Instead of relying on unpredictable and potentially unethical imports, the country’s rich talent pool can provide the skilled labour needed to set up the next vertical integration of manufacturing capability. Leveraging the UK’s world-class expertise in battery research and development enables the country to take control of the supply chain and exploit innovative, home-grown technology, whilst setting a much-needed standard for the energy storage industry.

The company is planning to build a 2-3GWh gigafactory in the UK, that will serve both the electric vehicle and battery storage markets / Picture: AMTE Power

Mission-critical infrastructure

In order to scale up EV production, the creation of gigafactories – capable of producing one GWh in energy output or more – across the UK is of the utmost importance. In fact, the Faraday Institute estimates that the expanding electric vehicle market necessitates the creation of seven 20GHW gigafactories to meet and realise this potential. Energy storage is also a driving force, with batteries set to contribute significantly to the grid regulation of a further 30GW of offshore wind by 2030, which is pivotal to achieving the UK target of 40GW of offshore wind by 2030.

EU gigafactories are essential to reduce reliance on the supply chain from China. China accounts for 70 per cent of lithium-ion cell production worldwide. Europe is at the start of its ‘gigafactory boom’, whilst currently producing only 8 per cent of the world’s lithium-ion cells.

Focus on net zero greenhouse gas emissions creates an opportunity for British manufacturers to support the Government’s plan to ‘build back better’ with onshore battery-cell production. Allowing to support growth in lower CO2 emission electric vehicles and increase in renewable energy storage

Gigafactories will support the UK’s unprecedented transition to electrification, and create a greener onshore manufacturing ecosystem, whilst helping to secure future economic prosperity by creating thousands of green jobs.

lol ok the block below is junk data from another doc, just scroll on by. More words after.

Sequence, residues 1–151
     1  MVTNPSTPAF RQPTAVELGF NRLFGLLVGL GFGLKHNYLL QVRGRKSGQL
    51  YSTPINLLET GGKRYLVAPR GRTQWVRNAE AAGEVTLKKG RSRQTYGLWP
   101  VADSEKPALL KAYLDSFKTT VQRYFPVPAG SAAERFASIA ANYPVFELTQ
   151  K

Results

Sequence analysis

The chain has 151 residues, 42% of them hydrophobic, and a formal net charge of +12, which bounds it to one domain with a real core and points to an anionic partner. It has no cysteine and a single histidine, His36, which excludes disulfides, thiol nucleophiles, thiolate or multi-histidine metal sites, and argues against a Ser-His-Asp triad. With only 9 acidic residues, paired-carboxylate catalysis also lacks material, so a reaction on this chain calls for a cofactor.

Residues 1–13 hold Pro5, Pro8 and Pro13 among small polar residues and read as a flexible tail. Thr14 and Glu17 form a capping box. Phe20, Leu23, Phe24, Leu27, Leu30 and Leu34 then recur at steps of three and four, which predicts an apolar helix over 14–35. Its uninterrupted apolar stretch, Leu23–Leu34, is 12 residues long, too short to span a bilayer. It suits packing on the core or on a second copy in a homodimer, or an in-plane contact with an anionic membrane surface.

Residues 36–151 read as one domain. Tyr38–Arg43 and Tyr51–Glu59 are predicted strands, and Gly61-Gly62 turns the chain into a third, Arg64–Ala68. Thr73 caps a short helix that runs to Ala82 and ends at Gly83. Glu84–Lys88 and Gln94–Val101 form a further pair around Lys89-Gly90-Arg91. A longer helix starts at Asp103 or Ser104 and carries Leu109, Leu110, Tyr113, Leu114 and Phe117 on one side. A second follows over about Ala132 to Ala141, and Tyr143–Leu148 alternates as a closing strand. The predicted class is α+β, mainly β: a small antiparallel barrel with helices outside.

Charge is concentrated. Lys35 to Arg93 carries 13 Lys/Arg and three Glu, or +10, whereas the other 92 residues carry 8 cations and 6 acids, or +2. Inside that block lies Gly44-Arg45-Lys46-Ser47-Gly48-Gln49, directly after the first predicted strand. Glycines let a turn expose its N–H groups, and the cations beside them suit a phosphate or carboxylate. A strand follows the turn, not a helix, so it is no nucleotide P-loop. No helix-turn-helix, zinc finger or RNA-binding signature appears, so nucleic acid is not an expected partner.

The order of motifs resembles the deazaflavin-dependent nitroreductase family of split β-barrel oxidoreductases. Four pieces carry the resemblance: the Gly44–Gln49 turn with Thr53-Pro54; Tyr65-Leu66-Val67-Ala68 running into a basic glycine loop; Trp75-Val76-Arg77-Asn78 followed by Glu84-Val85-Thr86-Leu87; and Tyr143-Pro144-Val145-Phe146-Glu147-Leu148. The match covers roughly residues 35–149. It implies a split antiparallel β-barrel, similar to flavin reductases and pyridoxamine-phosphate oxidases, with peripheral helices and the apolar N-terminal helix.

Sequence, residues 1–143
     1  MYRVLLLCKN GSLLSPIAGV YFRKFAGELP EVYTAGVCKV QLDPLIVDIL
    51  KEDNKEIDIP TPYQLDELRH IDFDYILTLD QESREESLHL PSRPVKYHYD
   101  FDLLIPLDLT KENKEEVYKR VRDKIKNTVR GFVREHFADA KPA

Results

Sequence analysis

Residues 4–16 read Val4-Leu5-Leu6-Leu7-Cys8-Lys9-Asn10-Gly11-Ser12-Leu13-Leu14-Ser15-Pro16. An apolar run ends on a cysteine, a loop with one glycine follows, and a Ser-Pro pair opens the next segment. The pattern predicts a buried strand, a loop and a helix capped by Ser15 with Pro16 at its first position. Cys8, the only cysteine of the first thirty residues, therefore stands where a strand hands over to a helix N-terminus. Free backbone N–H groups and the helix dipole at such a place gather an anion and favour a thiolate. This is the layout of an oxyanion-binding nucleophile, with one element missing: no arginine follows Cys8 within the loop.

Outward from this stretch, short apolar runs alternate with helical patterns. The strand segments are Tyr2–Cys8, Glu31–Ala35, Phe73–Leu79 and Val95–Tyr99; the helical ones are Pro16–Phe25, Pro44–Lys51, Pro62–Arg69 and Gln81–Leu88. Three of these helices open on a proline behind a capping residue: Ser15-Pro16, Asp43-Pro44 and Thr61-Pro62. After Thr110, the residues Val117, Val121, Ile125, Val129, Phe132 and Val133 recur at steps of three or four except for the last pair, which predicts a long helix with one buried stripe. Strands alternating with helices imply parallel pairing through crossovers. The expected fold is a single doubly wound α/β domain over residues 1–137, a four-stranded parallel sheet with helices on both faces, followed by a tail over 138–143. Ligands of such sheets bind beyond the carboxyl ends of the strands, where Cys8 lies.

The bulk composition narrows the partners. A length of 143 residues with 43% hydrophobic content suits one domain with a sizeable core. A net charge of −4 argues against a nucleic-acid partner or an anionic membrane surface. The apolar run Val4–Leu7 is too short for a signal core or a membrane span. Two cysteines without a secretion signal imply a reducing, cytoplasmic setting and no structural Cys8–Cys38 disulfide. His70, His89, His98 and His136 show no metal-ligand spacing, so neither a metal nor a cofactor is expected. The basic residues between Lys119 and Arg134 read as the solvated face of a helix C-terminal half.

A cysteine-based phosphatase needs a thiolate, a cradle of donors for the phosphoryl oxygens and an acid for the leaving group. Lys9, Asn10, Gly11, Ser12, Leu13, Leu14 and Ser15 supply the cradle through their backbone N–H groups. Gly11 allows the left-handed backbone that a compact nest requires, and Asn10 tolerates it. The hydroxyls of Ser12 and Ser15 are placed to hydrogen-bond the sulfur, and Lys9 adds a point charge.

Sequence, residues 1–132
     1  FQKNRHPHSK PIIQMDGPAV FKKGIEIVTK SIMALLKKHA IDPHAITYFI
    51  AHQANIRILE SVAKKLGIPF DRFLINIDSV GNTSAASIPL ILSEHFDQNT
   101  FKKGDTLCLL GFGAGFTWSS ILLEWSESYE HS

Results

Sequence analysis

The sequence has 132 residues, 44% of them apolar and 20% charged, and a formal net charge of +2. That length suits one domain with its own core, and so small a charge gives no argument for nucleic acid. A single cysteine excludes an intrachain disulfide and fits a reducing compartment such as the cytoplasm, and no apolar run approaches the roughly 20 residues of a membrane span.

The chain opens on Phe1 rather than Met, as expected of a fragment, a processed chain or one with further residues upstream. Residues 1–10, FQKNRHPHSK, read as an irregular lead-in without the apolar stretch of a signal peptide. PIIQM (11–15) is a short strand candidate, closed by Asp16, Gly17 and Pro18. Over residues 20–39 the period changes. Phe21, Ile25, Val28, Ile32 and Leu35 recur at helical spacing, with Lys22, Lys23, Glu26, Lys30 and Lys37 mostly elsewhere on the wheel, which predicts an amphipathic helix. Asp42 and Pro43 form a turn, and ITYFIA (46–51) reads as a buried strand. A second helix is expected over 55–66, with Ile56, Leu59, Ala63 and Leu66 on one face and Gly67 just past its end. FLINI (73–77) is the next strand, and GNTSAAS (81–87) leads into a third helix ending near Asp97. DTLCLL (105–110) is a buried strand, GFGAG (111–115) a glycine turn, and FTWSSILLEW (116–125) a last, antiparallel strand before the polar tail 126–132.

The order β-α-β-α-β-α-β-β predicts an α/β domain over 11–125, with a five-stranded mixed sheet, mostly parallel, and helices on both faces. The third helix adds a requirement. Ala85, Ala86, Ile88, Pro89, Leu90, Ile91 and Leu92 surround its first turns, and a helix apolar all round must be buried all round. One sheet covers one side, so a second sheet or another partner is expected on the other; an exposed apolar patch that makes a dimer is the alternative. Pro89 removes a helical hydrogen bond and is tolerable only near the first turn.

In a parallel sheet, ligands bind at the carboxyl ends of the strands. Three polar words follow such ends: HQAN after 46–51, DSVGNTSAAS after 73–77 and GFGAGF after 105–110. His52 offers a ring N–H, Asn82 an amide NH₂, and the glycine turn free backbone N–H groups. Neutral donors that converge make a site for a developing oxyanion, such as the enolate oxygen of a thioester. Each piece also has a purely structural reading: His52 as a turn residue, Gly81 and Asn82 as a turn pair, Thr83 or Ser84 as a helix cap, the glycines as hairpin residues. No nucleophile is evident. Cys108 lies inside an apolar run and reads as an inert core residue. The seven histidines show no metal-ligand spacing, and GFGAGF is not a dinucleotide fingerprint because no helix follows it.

Earlier this year, AMTE Power became one of the first customers of the UK Battery Industrialisation Centre to test battery technologies in advance of scaled production / Picture: AMTE Power

A promising road ahead

As a business model that supports the global effort to reduce carbon emissions, the demand for batteries has only risen despite harsh economic conditions driven by the pandemic.

An unprecedented transition to electrification, via transport and renewable energy storage is taking place highlighting the critical nature of onshoring battery manufacturing capacity. This is creating favourable market dynamics and further opportunity for growth.

The UK Government is actively nurturing and building out its own infrastructure and manufacturing capability. Aimed to provide locally produced, sustainable batteries helping – lay the path for a growing market and decarbonising the future economy. By nurturing a green onshore manufacturing ecosystem, the UK can ensure quality and security of supply, promote economic prosperity, and work towards a sustainable future.